The house rules are simple in this weekly column.
- I bash a stock that I think is heading lower.
- I offset the sting by recommending three stocks as portfolio replacements.
Who gets tossed out this week? Come on down, YRC Worldwide
More mud than flap
We may be at the end of the road for YRC. The heavily traded shares of the trucker specializing in less-than-truckload shipments are down to a buck and change today, but investors may want to think twice about catching this falling jackknife.
YRC is bracing its investors for a possible bankruptcy filing, making Nil City the likely final destination for the company's speculative shares.
It didn't seem that way just a few months ago. YRC appeared to be striking a tentative agreement with the Teamsters and FedEx's
The euphoria didn't last long.
In its 10-K filing this week, YRC warns that it has missed its deadline to gain approval for its restructuring plan from some pension funds. It's easy to see why major investors are nervous. The restructuring plan entails some heavy dilution.
Is that really worse than a bankruptcy filing that will likely wipe out all equity investors and return pocket change on the dollar -- if that -- to its creditors?
We've seen General Motors and Six Flags successfully emerge from bankruptcy reorganization last year. If consumer-facing companies can dust themselves off in the rebirthing process with less baggage and healthier balance sheets, YRC itself should have no problem in continuing to keep trucking despite the potential filing.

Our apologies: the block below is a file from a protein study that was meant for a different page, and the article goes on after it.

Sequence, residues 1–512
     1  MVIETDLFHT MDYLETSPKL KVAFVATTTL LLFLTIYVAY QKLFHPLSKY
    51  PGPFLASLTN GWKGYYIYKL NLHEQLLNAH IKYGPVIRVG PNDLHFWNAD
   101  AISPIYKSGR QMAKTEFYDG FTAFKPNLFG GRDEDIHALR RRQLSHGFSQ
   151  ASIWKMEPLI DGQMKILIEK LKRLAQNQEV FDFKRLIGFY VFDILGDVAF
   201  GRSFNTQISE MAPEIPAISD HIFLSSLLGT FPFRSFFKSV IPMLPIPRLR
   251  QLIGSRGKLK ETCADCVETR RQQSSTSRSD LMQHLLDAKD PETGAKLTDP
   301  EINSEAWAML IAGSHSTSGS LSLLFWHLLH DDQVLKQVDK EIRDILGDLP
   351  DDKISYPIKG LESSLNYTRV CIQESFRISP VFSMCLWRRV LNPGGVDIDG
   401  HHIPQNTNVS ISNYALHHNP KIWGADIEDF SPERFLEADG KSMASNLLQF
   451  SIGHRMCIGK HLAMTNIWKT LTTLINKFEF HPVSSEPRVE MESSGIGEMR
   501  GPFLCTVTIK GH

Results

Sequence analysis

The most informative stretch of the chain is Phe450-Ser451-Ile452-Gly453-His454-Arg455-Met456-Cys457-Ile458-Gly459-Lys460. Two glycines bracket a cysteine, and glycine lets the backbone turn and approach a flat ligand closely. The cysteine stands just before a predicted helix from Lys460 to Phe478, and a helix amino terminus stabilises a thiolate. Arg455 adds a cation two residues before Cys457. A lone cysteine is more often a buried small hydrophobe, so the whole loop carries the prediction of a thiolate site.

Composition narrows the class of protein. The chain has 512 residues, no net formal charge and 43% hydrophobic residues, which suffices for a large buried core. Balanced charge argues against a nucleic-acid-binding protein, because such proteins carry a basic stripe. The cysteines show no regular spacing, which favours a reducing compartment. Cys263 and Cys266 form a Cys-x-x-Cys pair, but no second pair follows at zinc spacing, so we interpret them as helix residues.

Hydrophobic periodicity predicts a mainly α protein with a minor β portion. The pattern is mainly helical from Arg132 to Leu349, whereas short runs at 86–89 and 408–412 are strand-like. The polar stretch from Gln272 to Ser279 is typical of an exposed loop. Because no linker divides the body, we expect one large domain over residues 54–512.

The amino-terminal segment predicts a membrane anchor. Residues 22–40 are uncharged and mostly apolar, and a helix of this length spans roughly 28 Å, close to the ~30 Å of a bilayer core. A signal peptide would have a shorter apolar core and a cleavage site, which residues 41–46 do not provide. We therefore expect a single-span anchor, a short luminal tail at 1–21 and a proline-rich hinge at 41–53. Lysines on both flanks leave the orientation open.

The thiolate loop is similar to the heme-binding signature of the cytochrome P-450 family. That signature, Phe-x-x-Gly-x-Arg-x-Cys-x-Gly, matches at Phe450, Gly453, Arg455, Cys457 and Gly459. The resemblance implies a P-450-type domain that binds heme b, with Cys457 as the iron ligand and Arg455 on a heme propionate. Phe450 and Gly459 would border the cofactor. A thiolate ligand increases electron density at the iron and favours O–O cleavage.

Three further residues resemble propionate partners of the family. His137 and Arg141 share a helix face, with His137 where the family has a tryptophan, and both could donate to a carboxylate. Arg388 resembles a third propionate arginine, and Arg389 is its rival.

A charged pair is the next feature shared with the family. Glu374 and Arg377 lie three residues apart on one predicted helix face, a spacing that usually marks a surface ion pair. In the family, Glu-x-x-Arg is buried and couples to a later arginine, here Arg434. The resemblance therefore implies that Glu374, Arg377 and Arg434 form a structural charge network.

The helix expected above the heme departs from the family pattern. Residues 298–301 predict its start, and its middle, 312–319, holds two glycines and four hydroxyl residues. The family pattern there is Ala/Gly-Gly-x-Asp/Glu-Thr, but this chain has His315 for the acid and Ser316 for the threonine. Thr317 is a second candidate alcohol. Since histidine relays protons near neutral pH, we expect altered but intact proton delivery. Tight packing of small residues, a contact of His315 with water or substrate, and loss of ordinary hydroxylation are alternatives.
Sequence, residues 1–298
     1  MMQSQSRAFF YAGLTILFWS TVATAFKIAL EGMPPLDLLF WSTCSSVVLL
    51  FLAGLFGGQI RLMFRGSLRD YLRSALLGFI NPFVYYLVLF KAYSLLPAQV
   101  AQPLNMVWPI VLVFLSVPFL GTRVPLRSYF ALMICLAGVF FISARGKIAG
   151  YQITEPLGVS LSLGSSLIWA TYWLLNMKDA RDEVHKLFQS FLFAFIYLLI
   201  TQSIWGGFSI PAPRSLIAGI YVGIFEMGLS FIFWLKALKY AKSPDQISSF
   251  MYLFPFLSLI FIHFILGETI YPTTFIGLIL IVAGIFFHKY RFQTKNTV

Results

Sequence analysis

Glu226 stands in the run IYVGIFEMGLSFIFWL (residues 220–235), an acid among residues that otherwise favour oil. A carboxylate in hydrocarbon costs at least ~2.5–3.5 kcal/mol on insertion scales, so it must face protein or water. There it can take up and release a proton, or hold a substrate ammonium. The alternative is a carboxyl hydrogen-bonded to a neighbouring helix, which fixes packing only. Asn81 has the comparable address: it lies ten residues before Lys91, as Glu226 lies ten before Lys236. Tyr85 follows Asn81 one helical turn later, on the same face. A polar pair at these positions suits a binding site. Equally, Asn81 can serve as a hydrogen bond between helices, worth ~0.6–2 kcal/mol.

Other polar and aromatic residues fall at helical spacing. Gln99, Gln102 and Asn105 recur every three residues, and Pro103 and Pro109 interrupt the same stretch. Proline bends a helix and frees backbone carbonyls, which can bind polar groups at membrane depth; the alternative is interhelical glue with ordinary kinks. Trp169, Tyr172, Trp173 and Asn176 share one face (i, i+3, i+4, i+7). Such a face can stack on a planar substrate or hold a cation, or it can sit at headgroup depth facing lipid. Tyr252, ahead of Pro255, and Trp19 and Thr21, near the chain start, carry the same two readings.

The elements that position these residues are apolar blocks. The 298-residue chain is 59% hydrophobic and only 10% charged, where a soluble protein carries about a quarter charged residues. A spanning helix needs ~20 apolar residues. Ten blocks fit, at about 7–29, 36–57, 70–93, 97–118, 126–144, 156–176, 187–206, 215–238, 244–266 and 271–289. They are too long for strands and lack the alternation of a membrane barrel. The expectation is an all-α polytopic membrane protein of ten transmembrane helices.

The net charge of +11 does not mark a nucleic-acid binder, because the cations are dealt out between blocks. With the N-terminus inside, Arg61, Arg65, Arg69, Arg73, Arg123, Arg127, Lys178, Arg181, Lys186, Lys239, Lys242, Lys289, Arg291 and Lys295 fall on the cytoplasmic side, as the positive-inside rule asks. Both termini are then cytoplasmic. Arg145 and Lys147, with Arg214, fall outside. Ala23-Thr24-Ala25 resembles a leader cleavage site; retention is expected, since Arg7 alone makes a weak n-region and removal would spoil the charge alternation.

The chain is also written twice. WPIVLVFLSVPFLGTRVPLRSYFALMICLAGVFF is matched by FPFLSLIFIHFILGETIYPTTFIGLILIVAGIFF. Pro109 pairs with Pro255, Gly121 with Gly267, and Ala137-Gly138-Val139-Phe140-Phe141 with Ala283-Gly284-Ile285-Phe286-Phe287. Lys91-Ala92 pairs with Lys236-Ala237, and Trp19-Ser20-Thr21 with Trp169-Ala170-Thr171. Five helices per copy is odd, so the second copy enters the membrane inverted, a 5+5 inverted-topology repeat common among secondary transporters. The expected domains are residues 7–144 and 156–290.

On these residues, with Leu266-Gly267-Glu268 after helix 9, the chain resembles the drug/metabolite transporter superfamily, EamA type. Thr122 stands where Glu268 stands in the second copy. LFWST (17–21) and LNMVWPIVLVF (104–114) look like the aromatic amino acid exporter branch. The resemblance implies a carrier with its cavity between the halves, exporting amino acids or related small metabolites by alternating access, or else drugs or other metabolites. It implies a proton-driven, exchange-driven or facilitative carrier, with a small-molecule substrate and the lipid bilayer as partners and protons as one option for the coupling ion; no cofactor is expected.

Equity investors are the ones that would pay the stiffest price, as their stock certificates get canceled with little chance in getting anything back beyond a tax loss write off. YRC's stock may be at its cheapest split-adjusted level in ages, but it's never been more risky.
Step aside unless you've got the nerves of a riverboat gambler.
As I do every week, I don't talk down a stock unless I have three alternatives that I believe will outperform the company getting the heave-ho. I typically go with related companies, but this time I'll address YRC's 1-for-25 reverse split last year. The trucker's plunge since the zero-sum maneuver to retain its exchange listing is going to give reverse stock splits a bad name, but it's not like that. A reverse split is only as good as the quality of the company swapping out a set number of shares for a single share at a multiplied price. My three fill-ins this week will be companies that declared reverse splits and lived to tell the tale.
(Nasdaq: PCLN): The high-flying travel portal wasn't exactly taking off after the dot-com bubble popped. Taking its "name your price" mantra to heart, Priceline declared a 1-for-6 reverse split eight years ago. The website operator's been trading comfortably in the triple digits for a while now, fueled by its enviable streak of topping Wall Street's profit targets in each of the past 19 quarters.
Coeur d'Alene Mines
(NYSE: CDE): The silver mining specialist with a few interests in gold went in for a 1-for-10 reverse split when its stock was at $1.40 nearly two years ago. The split-adjusted shares have gone on to more than double with the stock trading just above $30 these days. Coeur is coming off a blowout quarter, and last month raised its 2011 production targets.
(NYSE: BHI): CEO Sardar Biglari took some heat when the Steak 'n Shake owner declared a reverse stock split. Why would a company that's already trading in the double digits go for a 1-for-20 reverse? I dismissed it as little more than Warren Buffett envy, and it may be right since Biglari is angling for another reverse split even though the stock is trading comfortably in the triple digits. It's just skin art for the ego. What matters here is bottom-line performance, and Biglari has come through with market-thumping results for three consecutive quarters.
I'm sorry, YRC. Maybe I'll warm up to the more shareholder-friendly version that emerges from the bankruptcy wreckage.